# Source code for pptx.chart.category

```
"""Category-related objects.
The |category.Categories| object is returned by ``Plot.categories`` and contains zero or
more |category.Category| objects, each representing one of the category labels
associated with the plot. Categories can be hierarchical, so there are members allowing
discovery of the depth of that hierarchy and providing means to navigate it.
"""
from __future__ import annotations
from collections.abc import Sequence
[docs]class Categories(Sequence):
"""
A sequence of |category.Category| objects, each representing a category
label on the chart. Provides properties for dealing with hierarchical
categories.
"""
def __init__(self, xChart):
super(Categories, self).__init__()
self._xChart = xChart
def __getitem__(self, idx):
pt = self._xChart.cat_pts[idx]
return Category(pt, idx)
def __iter__(self):
cat_pts = self._xChart.cat_pts
for idx, pt in enumerate(cat_pts):
yield Category(pt, idx)
def __len__(self):
# a category can be "null", meaning the Excel cell for it is empty.
# In this case, there is no c:pt element for it. The "empty" category
# will, however, be accounted for in c:cat//c:ptCount/@val, which
# reflects the true length of the categories collection.
return self._xChart.cat_pt_count
@property
def depth(self):
"""
Return an integer representing the number of hierarchical levels in
this category collection. Returns 1 for non-hierarchical categories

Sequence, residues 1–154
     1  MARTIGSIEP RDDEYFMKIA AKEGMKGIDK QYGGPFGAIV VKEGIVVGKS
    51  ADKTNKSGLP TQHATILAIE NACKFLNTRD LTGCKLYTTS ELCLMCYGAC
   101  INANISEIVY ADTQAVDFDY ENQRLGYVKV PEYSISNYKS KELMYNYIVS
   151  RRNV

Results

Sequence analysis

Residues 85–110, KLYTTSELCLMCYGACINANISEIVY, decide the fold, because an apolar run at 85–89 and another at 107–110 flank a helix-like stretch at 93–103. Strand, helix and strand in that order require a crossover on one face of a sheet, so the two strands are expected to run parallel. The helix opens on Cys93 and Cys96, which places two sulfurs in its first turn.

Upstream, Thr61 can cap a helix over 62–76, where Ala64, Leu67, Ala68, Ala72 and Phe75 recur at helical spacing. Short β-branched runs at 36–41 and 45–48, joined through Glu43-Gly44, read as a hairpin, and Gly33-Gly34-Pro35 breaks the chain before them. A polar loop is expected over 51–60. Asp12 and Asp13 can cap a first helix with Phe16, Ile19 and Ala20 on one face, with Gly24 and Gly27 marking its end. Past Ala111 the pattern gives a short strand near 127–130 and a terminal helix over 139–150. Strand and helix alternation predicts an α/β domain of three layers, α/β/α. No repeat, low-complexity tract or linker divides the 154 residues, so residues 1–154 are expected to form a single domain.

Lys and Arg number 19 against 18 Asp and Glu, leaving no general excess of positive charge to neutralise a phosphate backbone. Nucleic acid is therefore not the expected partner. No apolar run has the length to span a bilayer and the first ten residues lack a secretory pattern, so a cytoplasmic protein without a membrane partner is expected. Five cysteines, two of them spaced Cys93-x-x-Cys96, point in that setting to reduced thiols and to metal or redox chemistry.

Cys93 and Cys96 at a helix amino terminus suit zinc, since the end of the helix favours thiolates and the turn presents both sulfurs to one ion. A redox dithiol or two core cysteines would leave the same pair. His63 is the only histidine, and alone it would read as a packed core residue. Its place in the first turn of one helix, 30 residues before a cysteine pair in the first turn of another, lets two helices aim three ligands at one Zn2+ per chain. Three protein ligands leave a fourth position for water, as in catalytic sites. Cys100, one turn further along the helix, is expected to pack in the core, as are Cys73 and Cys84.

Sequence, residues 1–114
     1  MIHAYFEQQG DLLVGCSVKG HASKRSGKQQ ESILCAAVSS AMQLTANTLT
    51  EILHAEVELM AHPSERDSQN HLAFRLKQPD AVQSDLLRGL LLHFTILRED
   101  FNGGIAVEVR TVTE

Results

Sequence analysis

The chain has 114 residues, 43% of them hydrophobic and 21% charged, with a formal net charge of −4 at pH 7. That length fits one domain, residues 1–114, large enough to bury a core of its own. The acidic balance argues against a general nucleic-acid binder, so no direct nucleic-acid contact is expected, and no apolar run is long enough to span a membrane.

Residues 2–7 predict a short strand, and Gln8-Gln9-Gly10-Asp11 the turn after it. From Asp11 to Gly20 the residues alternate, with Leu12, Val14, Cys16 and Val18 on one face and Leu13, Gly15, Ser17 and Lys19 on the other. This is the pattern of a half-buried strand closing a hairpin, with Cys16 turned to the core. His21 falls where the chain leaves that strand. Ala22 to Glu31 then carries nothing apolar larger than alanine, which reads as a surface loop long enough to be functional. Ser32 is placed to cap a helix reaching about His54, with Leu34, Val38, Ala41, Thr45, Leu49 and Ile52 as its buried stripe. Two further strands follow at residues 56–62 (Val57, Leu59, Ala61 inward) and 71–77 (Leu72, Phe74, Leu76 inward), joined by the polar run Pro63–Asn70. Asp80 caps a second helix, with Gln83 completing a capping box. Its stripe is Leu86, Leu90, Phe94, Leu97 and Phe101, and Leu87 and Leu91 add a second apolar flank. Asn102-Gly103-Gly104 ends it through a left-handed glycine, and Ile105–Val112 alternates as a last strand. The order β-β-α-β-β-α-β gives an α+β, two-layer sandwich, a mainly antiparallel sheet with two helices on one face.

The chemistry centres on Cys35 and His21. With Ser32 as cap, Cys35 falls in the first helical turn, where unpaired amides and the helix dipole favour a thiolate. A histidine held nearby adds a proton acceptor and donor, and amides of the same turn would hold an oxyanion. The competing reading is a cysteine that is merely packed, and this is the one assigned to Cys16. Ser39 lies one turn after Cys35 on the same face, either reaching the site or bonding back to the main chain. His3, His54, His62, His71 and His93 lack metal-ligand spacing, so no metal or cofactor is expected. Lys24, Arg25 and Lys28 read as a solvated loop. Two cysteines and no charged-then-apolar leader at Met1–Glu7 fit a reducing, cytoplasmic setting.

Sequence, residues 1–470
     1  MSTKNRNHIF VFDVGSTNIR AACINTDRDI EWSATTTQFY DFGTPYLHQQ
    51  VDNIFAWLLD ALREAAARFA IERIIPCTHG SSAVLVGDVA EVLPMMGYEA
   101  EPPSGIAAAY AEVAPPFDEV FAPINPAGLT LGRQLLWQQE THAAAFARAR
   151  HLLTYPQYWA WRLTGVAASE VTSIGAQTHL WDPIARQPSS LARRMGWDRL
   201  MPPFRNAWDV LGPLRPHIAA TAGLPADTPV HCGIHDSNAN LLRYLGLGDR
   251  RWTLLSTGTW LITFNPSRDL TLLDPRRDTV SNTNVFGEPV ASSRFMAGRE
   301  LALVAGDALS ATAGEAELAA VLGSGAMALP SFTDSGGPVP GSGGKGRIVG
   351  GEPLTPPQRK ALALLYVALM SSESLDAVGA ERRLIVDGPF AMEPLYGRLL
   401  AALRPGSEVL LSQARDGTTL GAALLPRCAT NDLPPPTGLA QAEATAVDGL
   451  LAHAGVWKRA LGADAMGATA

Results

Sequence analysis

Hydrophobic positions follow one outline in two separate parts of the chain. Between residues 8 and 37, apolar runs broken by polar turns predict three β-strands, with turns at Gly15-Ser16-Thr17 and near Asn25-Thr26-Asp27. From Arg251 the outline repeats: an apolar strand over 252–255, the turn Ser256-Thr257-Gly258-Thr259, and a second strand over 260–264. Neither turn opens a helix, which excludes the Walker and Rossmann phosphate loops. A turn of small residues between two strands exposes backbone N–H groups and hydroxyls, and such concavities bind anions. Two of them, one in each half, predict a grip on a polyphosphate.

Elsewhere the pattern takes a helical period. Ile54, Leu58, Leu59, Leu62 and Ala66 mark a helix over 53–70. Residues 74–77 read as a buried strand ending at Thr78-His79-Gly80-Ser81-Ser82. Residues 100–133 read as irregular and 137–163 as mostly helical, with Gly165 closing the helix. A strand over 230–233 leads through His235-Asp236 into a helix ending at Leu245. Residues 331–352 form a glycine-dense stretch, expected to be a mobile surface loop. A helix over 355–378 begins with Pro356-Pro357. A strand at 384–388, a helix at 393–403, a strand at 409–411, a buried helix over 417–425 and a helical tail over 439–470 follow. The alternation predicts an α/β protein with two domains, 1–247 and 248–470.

and 0 if no categories are present (generally meaning no series are
present).
"""
cat = self._xChart.cat
if cat is None:
return 0
if cat.multiLvlStrRef is None:
return 1
return len(cat.lvls)
@property
def flattened_labels(self):
"""
Return a sequence of tuples, each containing the flattened hierarchy
of category labels for a leaf category. Each tuple is in parent ->
child order, e.g. ``('US', 'CA', 'San Francisco')``, with the leaf
category appearing last. If this categories collection is
non-hierarchical, each tuple will contain only a leaf category label.
If the plot has no series (and therefore no categories), an empty
tuple is returned.
"""
cat = self._xChart.cat
if cat is None:
return ()
if cat.multiLvlStrRef is None:
return tuple([(category.label,) for category in self])
return tuple(
[
tuple([category.label for category in reversed(flat_cat)])
for flat_cat in self._iter_flattened_categories()
]
)
@property
def levels(self):
"""
Return a sequence of |CategoryLevel| objects representing the
hierarchy of this category collection. The sequence is empty when the
category collection is not hierarchical, that is, contains only
leaf-level categories. The levels are ordered from the leaf level to
the root level; so the first level will contain the same categories
as this category collection.
"""
cat = self._xChart.cat
if cat is None:
return []
return [CategoryLevel(lvl) for lvl in cat.lvls]
def _iter_flattened_categories(self):
"""
Generate a ``tuple`` object for each leaf category in this
collection, containing the leaf category followed by its "parent"